Giving patients tools via electronic health records to help them manage complex drug regimens didn’t improve medication adherence or lower blood pressure, a new study reports.
“We are increasingly asking patients to do very complicated things with medications, and we don’t always build effective ways to support their successful use of medications,” says Stephen Persell, associate professor of medicine in the general internal medicine and geriatrics division at Northwestern University.
“We have to keep trying out new ways to better support patient medication self-management and make the path easier for patients.”
Patients with chronic health conditions often require complex drug regimens, which can be challenging to manage and can lead to non-adherence and medication errors. The problem is particularly prevalent among patients with low health literacy, researchers say.
For the new study, which appears in the Journal of the American Medical Association, investigators evaluated providing patients with medication management tools—such as printed medication lists at each visit and information sheets in lay language—via an EHR, which would be less costly than individualized attention from clinicians.
The investigators hypothesized that the tools would improve medication reconciliation, understanding, and adherence, as well as lower systolic blood pressure among patients with complex drug regimens and hypertension.
The randomized clinical trial, conducted at 12 federally qualified health centers within the Access Community Health Network in the Chicago area, included 794 patients with hypertension who were taking three or more medications at once.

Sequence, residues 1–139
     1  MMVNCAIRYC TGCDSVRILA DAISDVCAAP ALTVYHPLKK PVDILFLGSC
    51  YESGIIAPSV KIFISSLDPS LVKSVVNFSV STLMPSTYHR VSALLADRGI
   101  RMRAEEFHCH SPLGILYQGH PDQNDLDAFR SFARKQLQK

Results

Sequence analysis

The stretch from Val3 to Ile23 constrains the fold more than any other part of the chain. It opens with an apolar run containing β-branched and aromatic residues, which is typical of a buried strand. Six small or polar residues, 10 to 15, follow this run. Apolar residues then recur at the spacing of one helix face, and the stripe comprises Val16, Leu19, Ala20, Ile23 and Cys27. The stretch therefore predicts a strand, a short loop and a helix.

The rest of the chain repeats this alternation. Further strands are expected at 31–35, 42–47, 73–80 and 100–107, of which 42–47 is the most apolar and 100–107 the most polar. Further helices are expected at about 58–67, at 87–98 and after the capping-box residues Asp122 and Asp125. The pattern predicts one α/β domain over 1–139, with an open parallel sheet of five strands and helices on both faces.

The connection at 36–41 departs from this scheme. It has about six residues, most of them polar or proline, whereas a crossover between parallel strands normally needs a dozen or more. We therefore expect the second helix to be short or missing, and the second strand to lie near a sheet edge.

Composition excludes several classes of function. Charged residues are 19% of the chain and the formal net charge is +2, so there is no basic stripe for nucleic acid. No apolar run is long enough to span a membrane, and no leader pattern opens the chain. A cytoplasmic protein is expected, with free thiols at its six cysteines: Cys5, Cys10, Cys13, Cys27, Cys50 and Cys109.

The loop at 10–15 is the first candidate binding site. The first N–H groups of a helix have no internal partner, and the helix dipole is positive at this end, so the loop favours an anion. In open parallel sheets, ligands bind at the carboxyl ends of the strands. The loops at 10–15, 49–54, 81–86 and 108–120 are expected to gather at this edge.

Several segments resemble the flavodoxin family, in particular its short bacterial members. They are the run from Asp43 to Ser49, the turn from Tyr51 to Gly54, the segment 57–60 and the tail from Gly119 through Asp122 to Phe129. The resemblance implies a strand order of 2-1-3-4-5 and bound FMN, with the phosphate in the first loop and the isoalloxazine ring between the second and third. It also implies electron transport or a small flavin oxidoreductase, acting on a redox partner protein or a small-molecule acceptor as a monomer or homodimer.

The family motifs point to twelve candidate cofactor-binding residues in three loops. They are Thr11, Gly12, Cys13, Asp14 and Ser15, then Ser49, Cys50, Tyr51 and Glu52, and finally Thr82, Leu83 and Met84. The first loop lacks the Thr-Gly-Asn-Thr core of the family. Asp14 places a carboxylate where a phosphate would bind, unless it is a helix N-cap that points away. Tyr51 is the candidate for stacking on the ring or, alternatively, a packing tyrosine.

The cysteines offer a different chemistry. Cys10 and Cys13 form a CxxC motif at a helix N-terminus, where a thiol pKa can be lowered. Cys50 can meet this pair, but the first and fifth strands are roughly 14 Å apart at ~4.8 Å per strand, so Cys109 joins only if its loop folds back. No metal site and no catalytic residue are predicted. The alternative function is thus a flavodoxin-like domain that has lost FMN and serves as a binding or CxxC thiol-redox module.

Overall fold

One group of patients received the EHR tools alone, a second received the EHR tools plus a nurse-led educational intervention, and a third group received usual care.
Medication reconciliation improved in both intervention groups compared to usual care, and in the group that received nurse education, patients also showed improved understanding of medication instructions and dosing.
However, the interventions had no significant effect on patients’ self-reported medication adherence. Furthermore, there was no significant effect on blood pressure in the EHR tools plus nurse education group—and in fact, blood pressure worsened in the EHR-alone intervention group.
Researchers aren’t sure what contributed to these unexpected findings, but they note that the medication information sheets (which contain information about adverse drug effects), may have led some patients to stop or reduce anti-hypertension medications, when used without the addition of individualized counseling from a healthcare professional.
The study highlights the importance of testing system-level changes for unintended effects, the authors say.
“When you do clinic-level interventions, it’s very important to test in a robust way, so that you can detect potentially positive and negative consequences of what you’re doing,” Persell says.
The National Institute of Nursing Research, National Institutes of Health funded the work.
Source: Northwestern University